All images shot during recent Woodland Walk.
The Blackberry season is upon us and I shall have to take a plastic bag the next time.
I found two Brimstone Butterflies feeding on a small patch of Purple Loosestrife fairly deep in woodland.
Purple Loosestrife (Lythrum salicara) is generally associated with watercourse, it was strange to find it in that location, although the water table is pretty high in the area which is probably the reason.
I know its an invasive plant and apparently one plant can produce up to 3 million seeds in one year. However it also provides food for many insects.
Strange to find an apple of this size growing wild in woodland. Larger than crab and they don't look like cider apples.?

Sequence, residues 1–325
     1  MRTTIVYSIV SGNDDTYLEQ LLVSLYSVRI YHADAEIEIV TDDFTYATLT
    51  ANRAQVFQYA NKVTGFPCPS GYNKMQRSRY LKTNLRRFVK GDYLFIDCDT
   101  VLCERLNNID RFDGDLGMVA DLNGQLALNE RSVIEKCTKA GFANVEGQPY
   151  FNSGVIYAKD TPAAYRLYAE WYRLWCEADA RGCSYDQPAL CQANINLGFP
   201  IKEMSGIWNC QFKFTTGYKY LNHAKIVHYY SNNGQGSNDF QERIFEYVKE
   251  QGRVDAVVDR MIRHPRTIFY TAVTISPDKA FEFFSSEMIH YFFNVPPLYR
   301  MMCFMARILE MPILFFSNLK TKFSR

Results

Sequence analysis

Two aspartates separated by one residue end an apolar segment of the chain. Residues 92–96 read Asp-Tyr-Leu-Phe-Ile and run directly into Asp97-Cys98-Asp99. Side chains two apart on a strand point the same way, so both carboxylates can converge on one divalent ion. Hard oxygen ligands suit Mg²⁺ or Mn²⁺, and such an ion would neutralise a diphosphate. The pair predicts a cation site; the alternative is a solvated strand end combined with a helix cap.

A favorite food plant of several species of butterfly, the Brimstone certainly enjoys feeding from the Common Fleabane (Pulicaria dysenterica).
Funghi about 4cm across growing under trees.
Hips from the Dog Rose.
Haw Berries from the Hawthorn bush
Another foodplant favoured by the Brimstone, the Creeping Thistle (Cirsium arvense)
Sloe fruit from the Blackthorn bush.
Oak trees are now producing the acorn much to the Jay's and the Squirrel's delight.
In the image below you can see amongst the Acorns some Oak Apples.
This form of oak apple is actually the Oak Marble Gall which is caused by the Gall wasp (Andricus kollari) laying eggs in the leaf buds, which are then distorted into this shape.
There are some 360 different species of Gall wasp in Europe.
The Rose Bedeguar
Formed by the Gall wasp (Diplolepis rosae) that lays eggs in a leaf bud of the Dog Rose, which then chemically induces the distortion of the bud.